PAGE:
Hidden cost

Carolyn Voisey's avatar

by Carolyn Voisey

One of the biggest irritations to me is why everything special needs is more expensive than their mainstream counterparts. However, the real thorn in my side comes from the hidden expenses that other families simply don’t have to fork out for. A perfect example has come to light this week while getting quotes for removal companies. 

Sam’s bed is a profiling cot bed, allowing us to raise the end and foot end to get him comfy. If it were any ordinary cot bed or toddler bed, there would be no additional cost in having it moved to the new house. 

However, because its specials needs bed it will cost £400 to have the manufacturer move it (I kid ye not), or £280 for a removal company to do so. Its daylight robbery, from those who can least afford it! I honestly don’t know how these people sleep at night.

Another example - Special needs buggys, pushchairs, wheelchairs. If mainstream buggy manufacturers didn’t include rain/sun hoods with their products and asked parents to pay out several hundred quid for them, there would be an outcry. And yet, that is *precisely* what we have to do.  Some are lucky and find universal rain covers that fit the SN buggys, but as Sam’s is a modular wheelchair designed specifically for HIM, we had no option other than to fork out for the hood. We’ve had people tell us how lucky we are to have things provided for us... I beg to disagree. We would much, MUCH rather that our little boy didn’t have to have a wheelchair, or oxygen monitor, or any of the other things he needs to make life more comfortable/safer for him.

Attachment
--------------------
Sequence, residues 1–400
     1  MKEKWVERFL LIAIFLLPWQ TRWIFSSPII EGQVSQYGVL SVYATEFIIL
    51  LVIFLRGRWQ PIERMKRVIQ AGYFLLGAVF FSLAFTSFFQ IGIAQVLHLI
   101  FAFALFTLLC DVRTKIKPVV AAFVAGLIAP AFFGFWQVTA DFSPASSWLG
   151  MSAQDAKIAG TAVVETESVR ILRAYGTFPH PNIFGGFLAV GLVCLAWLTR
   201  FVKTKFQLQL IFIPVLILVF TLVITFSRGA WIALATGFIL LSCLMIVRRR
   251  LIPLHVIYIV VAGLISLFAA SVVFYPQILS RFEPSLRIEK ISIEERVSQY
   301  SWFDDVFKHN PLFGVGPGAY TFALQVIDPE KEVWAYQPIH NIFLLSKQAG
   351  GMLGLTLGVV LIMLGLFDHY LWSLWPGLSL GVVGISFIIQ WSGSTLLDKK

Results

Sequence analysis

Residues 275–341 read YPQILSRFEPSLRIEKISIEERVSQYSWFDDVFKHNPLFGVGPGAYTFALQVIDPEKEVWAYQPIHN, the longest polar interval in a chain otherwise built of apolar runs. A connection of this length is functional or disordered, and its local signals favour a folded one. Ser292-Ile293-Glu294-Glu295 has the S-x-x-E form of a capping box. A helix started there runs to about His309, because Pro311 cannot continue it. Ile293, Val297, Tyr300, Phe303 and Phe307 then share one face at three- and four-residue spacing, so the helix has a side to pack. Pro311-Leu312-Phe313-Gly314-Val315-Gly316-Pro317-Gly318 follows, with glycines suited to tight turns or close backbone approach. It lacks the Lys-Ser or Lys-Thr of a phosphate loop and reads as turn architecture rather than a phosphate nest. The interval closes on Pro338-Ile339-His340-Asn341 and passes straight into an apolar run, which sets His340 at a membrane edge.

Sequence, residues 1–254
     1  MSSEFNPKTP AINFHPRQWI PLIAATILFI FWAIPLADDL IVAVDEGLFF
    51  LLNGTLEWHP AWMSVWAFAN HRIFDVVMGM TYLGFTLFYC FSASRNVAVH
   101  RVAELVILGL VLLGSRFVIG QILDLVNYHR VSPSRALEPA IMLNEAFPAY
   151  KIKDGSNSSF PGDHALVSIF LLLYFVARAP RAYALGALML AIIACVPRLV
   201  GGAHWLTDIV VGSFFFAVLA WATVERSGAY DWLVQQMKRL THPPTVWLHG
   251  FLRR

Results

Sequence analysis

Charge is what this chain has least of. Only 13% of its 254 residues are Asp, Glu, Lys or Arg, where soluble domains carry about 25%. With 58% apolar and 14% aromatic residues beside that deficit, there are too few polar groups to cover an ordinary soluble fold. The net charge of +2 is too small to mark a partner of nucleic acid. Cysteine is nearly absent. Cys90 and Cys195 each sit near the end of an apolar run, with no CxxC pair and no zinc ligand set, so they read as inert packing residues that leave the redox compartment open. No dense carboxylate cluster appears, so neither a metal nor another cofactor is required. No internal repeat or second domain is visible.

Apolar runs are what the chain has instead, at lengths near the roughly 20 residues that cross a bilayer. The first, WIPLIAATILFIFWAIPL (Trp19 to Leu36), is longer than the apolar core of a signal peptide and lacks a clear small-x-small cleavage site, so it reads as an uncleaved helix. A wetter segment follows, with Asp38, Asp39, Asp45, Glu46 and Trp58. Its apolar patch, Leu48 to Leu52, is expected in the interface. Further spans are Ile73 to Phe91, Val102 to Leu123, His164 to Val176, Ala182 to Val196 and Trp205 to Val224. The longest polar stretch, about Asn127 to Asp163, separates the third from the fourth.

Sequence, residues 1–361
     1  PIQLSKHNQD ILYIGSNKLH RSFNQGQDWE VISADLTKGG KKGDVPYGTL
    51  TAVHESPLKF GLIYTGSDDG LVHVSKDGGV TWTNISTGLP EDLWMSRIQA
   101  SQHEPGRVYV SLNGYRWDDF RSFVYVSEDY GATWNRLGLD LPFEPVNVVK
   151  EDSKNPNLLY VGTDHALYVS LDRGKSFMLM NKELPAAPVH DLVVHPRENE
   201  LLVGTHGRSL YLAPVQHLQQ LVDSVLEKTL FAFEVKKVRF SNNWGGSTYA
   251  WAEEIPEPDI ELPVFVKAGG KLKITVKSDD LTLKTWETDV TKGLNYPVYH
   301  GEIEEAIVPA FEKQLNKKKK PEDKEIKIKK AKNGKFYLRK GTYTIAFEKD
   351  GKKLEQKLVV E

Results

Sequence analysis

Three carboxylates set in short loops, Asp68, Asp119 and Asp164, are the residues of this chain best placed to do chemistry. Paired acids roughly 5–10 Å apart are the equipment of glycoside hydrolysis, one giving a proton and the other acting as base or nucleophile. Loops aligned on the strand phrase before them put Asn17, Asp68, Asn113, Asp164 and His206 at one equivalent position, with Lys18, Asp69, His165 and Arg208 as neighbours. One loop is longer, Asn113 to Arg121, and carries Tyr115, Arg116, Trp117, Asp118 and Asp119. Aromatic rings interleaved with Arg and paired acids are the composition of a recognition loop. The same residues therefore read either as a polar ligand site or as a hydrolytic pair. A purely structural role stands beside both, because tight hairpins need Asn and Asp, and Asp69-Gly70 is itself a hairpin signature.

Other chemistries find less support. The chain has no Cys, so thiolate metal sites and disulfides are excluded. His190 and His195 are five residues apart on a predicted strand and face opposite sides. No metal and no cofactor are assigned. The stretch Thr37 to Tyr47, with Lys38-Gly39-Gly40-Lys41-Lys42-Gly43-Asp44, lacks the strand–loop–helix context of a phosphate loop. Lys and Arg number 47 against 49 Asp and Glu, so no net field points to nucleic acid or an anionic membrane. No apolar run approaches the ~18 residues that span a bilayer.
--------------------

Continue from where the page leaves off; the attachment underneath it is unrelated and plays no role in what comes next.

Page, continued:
A charity provided his oxygen monitor, we still shoulder the cost of the probes and other consumables (at £100 plus for 10 probes, we tend to treat them like gold dust). Yes, the NHS has provided his wheelchair, but we had to pay for the essential hood and rain cover. 

Its these hidden extra’s that most people don’t realise we have to pay out that makes raising a child with special needs so much more expensive than raising a healthy, neurotypical child. 

Over the past few years charities that in the past SN families relied on to help them deal with these extra costs have been squeezed so now many have no choice but to means test.  And so, special needs parents become masters at fundraising.

Currently I’m supposed to be training for a 5K colour run to raise money for another item Sam needs; anyone who knows me knows that while I used to run at school, those days are looooong gone! 

Fingers crossed that in between the giggling, they feel like sponsoring me to be pelted with dye while looking like something the cat dragged in!

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